Kingdom of Strathclyde
By 6th century, four major circles of influence had emerged in northern Britain. In the east were the Picts, whose federation of kingdoms stretched from the river Forth to Shetland. In the west were the Irish-Gaelic speaking Dál Riata with their royal fortress at Dunadd in Argyll. In the south was the Brythonic Kingdom of Strathclyde, descendants of the Roman-influenced tribes. Finally, in the south east, the “Angles”, Germanic invaders who held the Kingdom of Bernicia (later the northern part of Northumbria).
Strathclyde, or Alt Clut (named after the Brythonic name for Dumbarton Rock, the Medieval capital of the Strathclyde) emerged sometime in the 5th century. In 642, led by Eugein son of Beli, they defeated the men of Dál Riata at the Battle of Strathcarron. The kingdom suffered a number of attacks from the Picts of Fortriu and later the Northumbrians in the 2ed half of the 8th century. They lost the region of Kyle in the south-west of modern Scotland to Northumbria, and the last attack may have forced the king Dumnagual III to submit and become a vassal. After this, little is heard of Strathclyde until Alt Clut was burnt and probably destroyed in 780 by the Vikings Amlaib and Ivar, and the capital was moved to Gorvan. In the next decades many Vikings settled the country.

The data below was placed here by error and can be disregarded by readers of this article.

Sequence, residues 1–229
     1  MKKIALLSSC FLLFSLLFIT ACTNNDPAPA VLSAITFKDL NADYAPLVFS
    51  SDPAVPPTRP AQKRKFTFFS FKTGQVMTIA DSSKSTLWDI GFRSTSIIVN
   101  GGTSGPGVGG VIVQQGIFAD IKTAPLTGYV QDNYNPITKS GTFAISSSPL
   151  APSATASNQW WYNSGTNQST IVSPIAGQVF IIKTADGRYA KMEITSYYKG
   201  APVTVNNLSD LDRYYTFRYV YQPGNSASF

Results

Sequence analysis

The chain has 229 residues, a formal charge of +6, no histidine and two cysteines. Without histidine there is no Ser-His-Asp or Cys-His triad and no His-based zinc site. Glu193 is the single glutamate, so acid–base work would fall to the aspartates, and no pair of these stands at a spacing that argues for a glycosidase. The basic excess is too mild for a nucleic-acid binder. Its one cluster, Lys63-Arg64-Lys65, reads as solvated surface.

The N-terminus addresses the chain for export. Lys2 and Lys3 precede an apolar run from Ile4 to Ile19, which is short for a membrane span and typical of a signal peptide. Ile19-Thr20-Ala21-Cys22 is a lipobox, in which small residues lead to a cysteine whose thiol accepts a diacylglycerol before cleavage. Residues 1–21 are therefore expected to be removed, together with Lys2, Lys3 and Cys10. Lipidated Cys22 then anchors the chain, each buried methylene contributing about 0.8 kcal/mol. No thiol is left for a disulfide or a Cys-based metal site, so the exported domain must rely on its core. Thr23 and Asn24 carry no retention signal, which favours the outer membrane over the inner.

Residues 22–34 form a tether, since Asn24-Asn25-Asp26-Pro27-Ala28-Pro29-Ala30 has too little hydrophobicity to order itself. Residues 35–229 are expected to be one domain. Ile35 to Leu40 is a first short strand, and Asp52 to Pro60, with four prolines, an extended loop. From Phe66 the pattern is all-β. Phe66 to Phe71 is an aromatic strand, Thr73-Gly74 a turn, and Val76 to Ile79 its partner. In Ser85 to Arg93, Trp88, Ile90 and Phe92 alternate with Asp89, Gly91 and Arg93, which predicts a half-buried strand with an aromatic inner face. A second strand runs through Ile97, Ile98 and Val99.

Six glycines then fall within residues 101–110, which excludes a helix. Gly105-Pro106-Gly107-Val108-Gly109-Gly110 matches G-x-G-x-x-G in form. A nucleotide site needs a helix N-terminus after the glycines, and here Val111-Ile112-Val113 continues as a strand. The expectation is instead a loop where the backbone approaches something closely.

During the second half of the 10th century and onwards the kingdom changed hands between the English and the Scots who placed puppet kings to rule it or in other occasions annexed parts of it. In 1107 what was left of the kingdom was annexed by Alexander I of Scotland and became the appanage (seat of the crown prince) for his kingdom.